With Braam Olivier & Pikkie de Lange
South Africa ranks among the top 10 producers of maize in the world. Yet on the global scale, the country is an insignificant contributor, accounting for less than 5% of global exports. One of the main reasons South Africa is not a significant player in the global market is the high domestic consumption rate. Maize is after all, a staple food in many African countries including South Africa. Yellow maize is also used across the continent in animal feeds. Additionally, competition from other countries such as the United States, Brazil, and Argentina means that South Africa must compete for export markets making it difficult to compete on price. Unfavourable exchange rates and major fluctuations between import and export parities have also made it difficult for the country's maize exporters to compete in the global market. Currency fluctuations can make their products more expensive for foreign buyers. To be competitive, South Africa needs to have consistent surplus so that the maize price can drop to levels where we can compete in the international market (known as export parity).
Farming requires a unique set of skills, knowledge, and personality traits that not everyone possesses. Successful farmers have a deep understanding of the natural world and the processes of plant and animal growth, as well as knowledge of the latest agricultural technologies and practices. Farmers need to be skilled at managing a complex business, dealing with finances, marketing and adapting to market fluctuations. Their work is often gruelling and unpredictable, requiring a fair amount of stamina, mental resilience and physical wellness. Over and above all, their belief in God is deeply rooted in their work and way of life. It is an exceptional aspect of farmers' lives as the natural world and the cycles of the seasons are seen as evidence of God's presence and power.
Small-scale farming in South Africa can be challenging. Supporting farmers is essential to promote food security, rural development, and to reduce poverty. Small-scale farmers face numerous challenges that hinder their growth and sustainability, including environmental uncertainty, access to land and financial resources. These will have to be addressed with solutions already in hand if small-scale farming is to survive in our country. The questions are: who will address these challenges and how will they equip the farmers with the necessary skills and knowledge? What kind of support is needed or can be provided for farmers to manage their farms efficiently and profitably? Formulating these solutions and implementing them is a complex task that requires in depth research and analysis. Diving into the world of farming in 2023 we observe the opinions and expert advice of two entities that are working under one roof despite their opposing views. Braam Olivier, Maize Procurement Manager at Barloworld Ingrain points out the risks of providing financial support to small-scale farmers while Pikkie de Lange, Director of WofSA, provides valid pointers on the benefits of investing in small-scale farming.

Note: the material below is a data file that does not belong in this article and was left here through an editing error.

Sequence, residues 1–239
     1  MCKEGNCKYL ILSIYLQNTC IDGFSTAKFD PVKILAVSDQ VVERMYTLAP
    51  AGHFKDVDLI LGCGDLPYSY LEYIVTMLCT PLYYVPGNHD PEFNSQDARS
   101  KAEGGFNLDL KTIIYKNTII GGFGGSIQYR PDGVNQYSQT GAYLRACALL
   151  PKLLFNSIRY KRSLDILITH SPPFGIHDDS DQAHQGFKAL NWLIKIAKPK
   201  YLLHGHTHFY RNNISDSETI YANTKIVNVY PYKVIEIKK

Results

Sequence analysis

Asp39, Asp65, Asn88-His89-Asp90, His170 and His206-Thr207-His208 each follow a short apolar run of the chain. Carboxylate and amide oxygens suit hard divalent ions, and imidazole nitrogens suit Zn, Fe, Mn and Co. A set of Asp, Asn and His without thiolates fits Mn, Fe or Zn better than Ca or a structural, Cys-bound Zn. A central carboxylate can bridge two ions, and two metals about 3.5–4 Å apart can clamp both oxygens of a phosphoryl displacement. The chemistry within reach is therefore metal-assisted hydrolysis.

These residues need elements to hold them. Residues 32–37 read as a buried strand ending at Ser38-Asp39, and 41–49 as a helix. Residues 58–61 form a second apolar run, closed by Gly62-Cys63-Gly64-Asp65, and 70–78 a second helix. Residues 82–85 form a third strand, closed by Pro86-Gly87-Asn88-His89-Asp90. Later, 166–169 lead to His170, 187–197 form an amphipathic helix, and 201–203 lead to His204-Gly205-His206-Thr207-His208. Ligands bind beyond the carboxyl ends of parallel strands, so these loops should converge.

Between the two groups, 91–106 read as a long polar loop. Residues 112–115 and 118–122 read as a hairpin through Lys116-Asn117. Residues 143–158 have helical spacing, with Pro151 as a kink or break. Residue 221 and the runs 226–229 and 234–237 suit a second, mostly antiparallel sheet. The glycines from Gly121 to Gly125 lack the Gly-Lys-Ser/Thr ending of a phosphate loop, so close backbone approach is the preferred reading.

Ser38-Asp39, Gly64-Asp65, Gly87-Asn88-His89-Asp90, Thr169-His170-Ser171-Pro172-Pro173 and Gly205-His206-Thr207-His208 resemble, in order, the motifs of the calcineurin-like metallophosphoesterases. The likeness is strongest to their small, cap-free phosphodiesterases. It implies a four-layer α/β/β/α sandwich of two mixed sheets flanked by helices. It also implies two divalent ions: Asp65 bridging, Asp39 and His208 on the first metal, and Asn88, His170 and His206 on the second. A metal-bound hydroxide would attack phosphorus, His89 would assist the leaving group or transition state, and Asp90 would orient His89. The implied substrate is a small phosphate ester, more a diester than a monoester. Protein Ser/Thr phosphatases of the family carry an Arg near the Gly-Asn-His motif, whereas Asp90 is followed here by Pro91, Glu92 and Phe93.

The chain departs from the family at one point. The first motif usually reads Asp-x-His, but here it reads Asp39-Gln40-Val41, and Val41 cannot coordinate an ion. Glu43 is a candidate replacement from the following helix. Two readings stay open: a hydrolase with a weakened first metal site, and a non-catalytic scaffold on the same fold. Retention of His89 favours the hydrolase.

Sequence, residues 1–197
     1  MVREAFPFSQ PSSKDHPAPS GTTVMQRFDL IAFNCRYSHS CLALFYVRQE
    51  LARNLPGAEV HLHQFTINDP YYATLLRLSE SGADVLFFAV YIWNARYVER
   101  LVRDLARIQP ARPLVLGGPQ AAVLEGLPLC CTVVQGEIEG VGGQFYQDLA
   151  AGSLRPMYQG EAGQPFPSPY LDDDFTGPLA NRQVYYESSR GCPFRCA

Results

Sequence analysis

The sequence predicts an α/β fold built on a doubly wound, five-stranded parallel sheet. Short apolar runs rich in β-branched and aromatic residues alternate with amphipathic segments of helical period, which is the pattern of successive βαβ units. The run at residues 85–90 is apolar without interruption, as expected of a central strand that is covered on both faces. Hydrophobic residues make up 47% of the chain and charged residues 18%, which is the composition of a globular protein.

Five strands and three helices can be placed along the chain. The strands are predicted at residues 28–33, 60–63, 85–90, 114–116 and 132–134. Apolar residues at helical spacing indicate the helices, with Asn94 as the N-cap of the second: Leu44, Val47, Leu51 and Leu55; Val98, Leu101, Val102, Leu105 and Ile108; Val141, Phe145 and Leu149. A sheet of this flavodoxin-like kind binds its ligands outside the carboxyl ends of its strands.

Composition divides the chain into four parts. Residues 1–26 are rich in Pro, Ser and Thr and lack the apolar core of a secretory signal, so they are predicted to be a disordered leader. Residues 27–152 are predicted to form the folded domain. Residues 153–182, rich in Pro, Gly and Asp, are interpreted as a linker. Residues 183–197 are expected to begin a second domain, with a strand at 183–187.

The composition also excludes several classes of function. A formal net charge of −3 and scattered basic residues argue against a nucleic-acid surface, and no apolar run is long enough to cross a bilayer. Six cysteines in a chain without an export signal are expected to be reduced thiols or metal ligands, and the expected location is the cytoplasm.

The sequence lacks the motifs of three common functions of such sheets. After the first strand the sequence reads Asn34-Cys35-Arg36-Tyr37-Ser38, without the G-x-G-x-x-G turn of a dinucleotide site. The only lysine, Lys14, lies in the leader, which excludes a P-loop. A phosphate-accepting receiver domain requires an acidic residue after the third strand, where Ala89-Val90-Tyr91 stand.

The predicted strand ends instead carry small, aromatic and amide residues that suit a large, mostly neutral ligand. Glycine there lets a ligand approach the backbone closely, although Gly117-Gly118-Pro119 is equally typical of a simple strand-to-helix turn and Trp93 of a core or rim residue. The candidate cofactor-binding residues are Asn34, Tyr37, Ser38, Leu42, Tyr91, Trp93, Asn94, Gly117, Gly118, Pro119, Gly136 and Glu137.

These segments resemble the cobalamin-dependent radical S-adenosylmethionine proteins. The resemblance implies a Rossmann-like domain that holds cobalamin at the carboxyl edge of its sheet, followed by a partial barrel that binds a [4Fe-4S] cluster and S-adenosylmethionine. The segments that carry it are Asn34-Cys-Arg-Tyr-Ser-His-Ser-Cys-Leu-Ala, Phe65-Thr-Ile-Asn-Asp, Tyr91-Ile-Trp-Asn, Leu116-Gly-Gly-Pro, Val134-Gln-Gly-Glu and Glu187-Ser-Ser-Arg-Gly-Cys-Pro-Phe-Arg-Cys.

The fact that there aren't any fundamental support systems in place to offer immediate assistance in the event of an unforeseen challenge or force of nature is known to all farmers. As a result, each year is a gamble, and it is unclear how to correct this situation. It is crucial that we make agriculture more appealing, as failure to do so will jeopardise our goal of producing 800,000 metric tonnes of non-GMO maize produced by black farmers within the next ten years. Finding ways to improve agricultural efficiency is vital. A feasible solution, however, remains elusive.
In conclusion, the comparison chart highlights a range of mixed emotions regarding financial support for small-scale farmers. While there is a recognition that such support can be crucial in alleviating poverty, there is also a sense that the exact mechanism for achieving this remains uncertain. This highlights the complexity of the issue and suggests that there is no straightforward solution.
As Braam noted, it is essential to be cautious in how we approach financial support for small-scale farmers. While we may have good intentions, there is a risk that poorly designed policies could ultimately lead to further financial hardship for farmers. As such, any initiatives aimed at supporting small-scale farmers should be based on careful research and analysis, with a focus on understanding the specific challenges faced by these farmers and identifying effective ways to address them. Ultimately, it is only through such an approach that we can hope to make a meaningful and sustainable difference in the lives of small-scale farmers and contribute to the broader goal of poverty reduction.Back to previous page